Today I’m going to write some examples of Bridge. The design
pattern not the
game. Bridge is a structural
pattern that decouples abstraction from the implementation of some component
so the two can vary independently. The bridge pattern can also be thought of as
two layers of abstraction.
Bridge pattern is useful in times when you need to switch between multiple
implementations at runtime. Another great case for using bridge is when you
need to couple pool of interfaces with a pool of implementations (e.g. 5
different interfaces for different clients and 3 different implementations for
different platforms). You need to make sure, that there’s a solution for every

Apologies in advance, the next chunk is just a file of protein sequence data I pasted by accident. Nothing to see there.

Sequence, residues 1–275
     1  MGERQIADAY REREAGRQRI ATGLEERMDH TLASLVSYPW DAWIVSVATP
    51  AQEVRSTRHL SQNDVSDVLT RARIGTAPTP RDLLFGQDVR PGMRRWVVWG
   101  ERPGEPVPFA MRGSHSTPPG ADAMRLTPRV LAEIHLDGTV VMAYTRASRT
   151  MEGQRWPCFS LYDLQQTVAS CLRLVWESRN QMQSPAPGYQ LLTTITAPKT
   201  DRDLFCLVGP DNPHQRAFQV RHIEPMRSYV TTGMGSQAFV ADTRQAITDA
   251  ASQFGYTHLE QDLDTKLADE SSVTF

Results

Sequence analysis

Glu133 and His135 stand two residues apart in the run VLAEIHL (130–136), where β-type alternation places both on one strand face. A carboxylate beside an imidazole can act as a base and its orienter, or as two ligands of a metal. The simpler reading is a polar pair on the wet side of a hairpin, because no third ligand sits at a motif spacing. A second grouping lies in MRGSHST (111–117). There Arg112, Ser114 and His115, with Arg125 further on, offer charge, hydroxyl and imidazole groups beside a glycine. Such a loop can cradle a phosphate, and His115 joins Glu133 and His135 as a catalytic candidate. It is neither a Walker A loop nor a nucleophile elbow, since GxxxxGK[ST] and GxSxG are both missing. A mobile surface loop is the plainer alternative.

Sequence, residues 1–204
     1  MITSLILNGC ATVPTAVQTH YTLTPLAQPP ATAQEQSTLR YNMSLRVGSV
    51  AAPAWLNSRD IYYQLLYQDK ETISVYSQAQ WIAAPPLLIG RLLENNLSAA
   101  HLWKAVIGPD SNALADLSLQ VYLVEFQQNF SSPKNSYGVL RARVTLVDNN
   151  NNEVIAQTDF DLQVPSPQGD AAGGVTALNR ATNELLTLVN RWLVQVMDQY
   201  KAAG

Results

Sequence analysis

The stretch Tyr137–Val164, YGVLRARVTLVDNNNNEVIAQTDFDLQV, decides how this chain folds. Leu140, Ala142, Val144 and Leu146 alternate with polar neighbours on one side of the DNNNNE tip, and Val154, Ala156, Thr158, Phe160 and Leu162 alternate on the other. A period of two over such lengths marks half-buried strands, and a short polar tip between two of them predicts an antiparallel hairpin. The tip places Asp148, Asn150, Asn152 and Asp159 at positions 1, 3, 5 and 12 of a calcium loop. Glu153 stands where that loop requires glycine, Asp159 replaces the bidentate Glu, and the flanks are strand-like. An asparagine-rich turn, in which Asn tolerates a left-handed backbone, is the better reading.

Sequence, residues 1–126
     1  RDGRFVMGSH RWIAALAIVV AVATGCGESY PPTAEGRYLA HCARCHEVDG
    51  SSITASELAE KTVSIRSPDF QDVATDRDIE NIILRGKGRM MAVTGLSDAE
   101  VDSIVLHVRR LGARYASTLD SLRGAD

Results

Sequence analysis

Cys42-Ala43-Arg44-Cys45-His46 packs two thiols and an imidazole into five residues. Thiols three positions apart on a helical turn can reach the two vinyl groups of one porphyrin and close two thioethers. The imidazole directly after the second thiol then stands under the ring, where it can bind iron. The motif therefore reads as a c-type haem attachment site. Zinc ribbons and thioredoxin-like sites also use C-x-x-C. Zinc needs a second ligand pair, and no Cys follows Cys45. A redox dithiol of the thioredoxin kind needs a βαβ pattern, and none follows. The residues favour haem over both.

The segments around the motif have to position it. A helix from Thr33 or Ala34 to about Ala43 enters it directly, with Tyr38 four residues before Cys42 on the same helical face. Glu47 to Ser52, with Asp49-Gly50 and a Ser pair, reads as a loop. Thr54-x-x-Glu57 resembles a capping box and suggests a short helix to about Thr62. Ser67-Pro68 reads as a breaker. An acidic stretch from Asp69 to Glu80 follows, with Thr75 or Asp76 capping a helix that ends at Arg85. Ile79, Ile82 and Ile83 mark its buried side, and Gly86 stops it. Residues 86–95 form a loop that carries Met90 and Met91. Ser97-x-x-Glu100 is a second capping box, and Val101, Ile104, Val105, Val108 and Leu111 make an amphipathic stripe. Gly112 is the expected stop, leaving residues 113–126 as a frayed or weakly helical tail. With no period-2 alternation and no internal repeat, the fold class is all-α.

type of client on each platform. This could lead to very large number of
classes in the inheritance hierarchy doing virtually the same thing. The
implementation of the abstraction is moved one step back and hidden behind
another interface. This allows you to outsource the implementation into another
(orthogonal) inheritance hierarchy behind another interface. The original
inheritance tree uses implementation through the bridge interface. Let’s have a
look at diagram in Figure 1.
As you can see, there are two orthogonal inheritance hierarchies. The first
one is behind ImplementationInterface . This implementation is injected
using aggregation through Bridge class into the second hierarchy under the
AbstractInterface . This allows having multiple cases coupled with multiple
underlying implementations. The Client then uses objects through
AbstractInterface . Let’s see it in code.
The Bridge pattern is very close to the
Adapter by it’s structure, but there’s a huge difference in
semantics. Bridge is designed up-front to let the abstraction and the
implementation vary independently. Adapter is retrofitted to make unrelated
classes work together .